Childhood, Education, and Careers of Herbert Hoover

Herbert Hoover served as the thirty-first President of the United States and is remembered as one of the worst presidents today. Many people became homeless as a result of his inaction at the start of the Great Depression.

On August 10, 1874, Herbert Hoover was born in Iowa. Jesse, his father was a blacksmith, and Hulda, his mother, was a housewife.

Herbert’s father, Jesse, died of a heart attack at the age of 34 in 1880. Herbert’s mother, Hulda, died in 1884 after contracting pneumonia and typhoid fever. Herbert and his siblings became orphans after both of their parents died.

The Hoover children were placed with their mother’s relatives as orphans. Due to financial constraints, the children were split up among Hulda’s relatives.

Herbert Hoover was sent to live with one of his grandmothers when he was a child. After spending 18 months with his paternal uncle Allen, he was sent to his maternal uncle John Minthorn in Oregon.

He was reserved, sensitive, introverted, and suspicious as a child, which he formed because he lost his parents at a very young age. Except for math, he earned mediocre to failing grades at Friends Pacific Academy in Newberg, Oregon.

Herbert Hoover was able to work a variety of odd jobs to help pay for his tuition at Stanford University, which had just opened. Herbert Hoover put in a lot of effort and only barely passed the university entrance test. 

He was involved in various extracurricular sports, including participating as the junior and senior class treasurers and coaching the baseball and football teams. Herbert also worked as a clerk in the registration office to pay for his tuition and started a student laundry service to supplement his income. In 1895, he earned his bachelor’s degree in geology from this institution. 

Due to the continuing Panic of 1893, 21-year-old Herbert Hoover failed to find jobs in the United States. As a result, he would move to the United Kingdom, where he would work for Bewick, Moreing and Co., a British mining firm.

After graduating in 1895, he searched for work as a surveyor but worked seventy hours a week pushing ore carts at a gold mine near Nevada City, California. With the aid of an office job in San Francisco, he was able to link with a company searching for an engineer to inspect and assess mines for future purchase. In 1897, Hoover moved to Australia, and in 1899, he moved to China, where he worked as a mining engineer until 1902.

Herbert Hoover rose through the ranks to become a prosperous mine operator over the next six years. He became one of the firm’s four partners at the age of twenty-seven.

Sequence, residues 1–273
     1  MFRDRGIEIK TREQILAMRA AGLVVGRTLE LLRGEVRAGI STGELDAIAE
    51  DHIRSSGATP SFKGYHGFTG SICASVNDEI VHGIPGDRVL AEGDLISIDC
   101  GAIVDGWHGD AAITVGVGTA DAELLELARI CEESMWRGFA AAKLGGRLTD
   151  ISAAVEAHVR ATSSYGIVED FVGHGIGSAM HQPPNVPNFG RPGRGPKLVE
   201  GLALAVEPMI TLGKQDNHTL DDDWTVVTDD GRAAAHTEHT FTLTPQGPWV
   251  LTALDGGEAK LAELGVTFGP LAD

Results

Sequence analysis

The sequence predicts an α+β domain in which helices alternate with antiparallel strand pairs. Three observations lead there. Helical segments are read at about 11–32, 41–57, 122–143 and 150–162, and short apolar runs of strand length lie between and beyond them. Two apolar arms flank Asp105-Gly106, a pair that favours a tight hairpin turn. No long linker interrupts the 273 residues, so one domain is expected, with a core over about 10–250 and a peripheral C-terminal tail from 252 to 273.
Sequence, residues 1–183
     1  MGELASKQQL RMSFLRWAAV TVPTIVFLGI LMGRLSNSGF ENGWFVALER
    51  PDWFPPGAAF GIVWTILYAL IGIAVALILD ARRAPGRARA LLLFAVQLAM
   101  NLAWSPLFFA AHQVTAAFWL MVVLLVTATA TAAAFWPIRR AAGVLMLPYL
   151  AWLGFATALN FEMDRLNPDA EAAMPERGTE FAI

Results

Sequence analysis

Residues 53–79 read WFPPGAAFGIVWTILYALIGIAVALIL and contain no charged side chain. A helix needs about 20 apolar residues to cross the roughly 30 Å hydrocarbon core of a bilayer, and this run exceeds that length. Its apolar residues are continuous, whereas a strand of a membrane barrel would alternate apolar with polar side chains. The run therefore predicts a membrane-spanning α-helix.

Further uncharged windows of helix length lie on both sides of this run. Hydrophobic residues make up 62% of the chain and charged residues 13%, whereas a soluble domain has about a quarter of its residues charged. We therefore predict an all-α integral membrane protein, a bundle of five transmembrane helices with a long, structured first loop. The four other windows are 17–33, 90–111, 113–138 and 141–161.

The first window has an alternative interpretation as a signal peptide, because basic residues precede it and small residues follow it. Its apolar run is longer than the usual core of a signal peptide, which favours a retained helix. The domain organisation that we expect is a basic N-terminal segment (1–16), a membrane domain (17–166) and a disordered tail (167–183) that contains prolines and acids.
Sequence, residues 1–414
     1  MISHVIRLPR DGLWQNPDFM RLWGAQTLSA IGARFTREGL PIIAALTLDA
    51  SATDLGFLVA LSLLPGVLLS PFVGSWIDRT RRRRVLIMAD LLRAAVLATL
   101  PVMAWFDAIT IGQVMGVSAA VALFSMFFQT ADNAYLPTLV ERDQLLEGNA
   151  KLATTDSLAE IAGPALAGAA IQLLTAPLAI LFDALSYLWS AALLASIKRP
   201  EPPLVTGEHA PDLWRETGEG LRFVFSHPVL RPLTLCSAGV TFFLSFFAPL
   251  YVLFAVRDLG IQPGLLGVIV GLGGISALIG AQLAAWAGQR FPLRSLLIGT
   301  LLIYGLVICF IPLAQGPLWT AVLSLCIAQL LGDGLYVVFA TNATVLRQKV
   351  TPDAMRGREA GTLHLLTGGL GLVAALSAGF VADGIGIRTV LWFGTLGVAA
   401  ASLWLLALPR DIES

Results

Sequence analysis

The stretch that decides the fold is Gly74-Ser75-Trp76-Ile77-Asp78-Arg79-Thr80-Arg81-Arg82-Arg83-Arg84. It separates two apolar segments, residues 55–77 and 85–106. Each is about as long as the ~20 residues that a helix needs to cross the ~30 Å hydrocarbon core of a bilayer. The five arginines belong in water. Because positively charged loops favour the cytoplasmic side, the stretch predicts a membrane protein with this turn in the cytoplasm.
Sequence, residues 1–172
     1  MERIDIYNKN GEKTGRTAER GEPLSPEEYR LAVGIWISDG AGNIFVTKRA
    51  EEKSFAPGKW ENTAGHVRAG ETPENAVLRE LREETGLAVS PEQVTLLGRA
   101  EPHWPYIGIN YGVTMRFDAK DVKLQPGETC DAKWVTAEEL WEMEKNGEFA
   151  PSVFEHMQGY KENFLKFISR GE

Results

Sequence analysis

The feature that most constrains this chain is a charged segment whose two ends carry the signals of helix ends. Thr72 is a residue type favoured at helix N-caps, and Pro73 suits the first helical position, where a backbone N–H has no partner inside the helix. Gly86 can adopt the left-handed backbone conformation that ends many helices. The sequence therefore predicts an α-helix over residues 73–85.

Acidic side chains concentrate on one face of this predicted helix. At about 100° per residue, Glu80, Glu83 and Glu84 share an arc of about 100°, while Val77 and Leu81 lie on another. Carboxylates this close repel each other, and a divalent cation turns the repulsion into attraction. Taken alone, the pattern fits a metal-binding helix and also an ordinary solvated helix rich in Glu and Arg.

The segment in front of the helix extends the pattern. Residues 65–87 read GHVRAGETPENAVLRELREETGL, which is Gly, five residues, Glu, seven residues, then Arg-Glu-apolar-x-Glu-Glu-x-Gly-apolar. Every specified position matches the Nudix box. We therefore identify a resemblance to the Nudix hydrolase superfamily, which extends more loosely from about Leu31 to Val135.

Herbert Hoover had a comfortable financial situation, thanks to high-paying employment, his control of lucrative Burmese silver mines, and royalties from writing the leading textbook on mining engineering.

Lou Henry Hoover, his wife, accompanied him wherever he went. Lou and Herbert met at Stanford University, where she was the only female geology student. As he prepared to travel to China, he proposed to her via cable from Australia; she agreed via return wire, and they married in 1899.

Herbert Hoover’s intelligence and understanding of the world expanded dramatically throughout his career as a mining engineer and businessman. He was raised as a Quaker. Although attending Meeting only sporadically as an adult, he internalized the faith’s beliefs in the individual’s strength, the importance of liberty, and the value of “conscientious service” and charity. Hoover also extended the engineering ethos to the rest of the world, claiming that scientific insight, when used thoughtfully and adequately, contributed to human advancement.

He earned equity in the company as an investor in the firm. His company’s stock alone will make him a millionaire. He was one of the wealthier leaders in history, with a net worth of $75 million by today’s standards. His wealth was about 200 times that of the average American at the time, and abundant enough to cover his living expenses while serving as president.

If you look at Hoover’s previous positions, you’ll note that he was the United States Food Administration Director and the Secretary of Commerce.

Given this, you’d think Hoover would have held at least one elected place. He may also have been a seasoned campaigner but had never held a public office. At the very least, not explicitly.

Hoover retained all of his positions by appointment. President Woodrow Wilson named him Director of the US Food Administration during WWI. When the war ended in 1918, however, Hoover stepped down as director.

Similarly, Herbert Hoover had earned the endorsement of President Warren Harding, who had just been elected. President Harding chose him as his Secretary of Commerce because of his experience as a businessman.

Because he is a wealthy businessman, he refused to accept his presidential pay. Instead, during his four years in office, he decided to donate it to an orphanage. It attracted media attention because it was unprecedented for a president to do so.

Congress passed the Former Presidents Act in 1958. In part, this ensures that every president who is not removed from office receives an annual pension that is nearly equal to that of the current president.

Since Herbert Hoover was still alive at the time, he was entitled to his former president’s pension. Hoover would donate the money to charity once more, as he had done thirty years ago.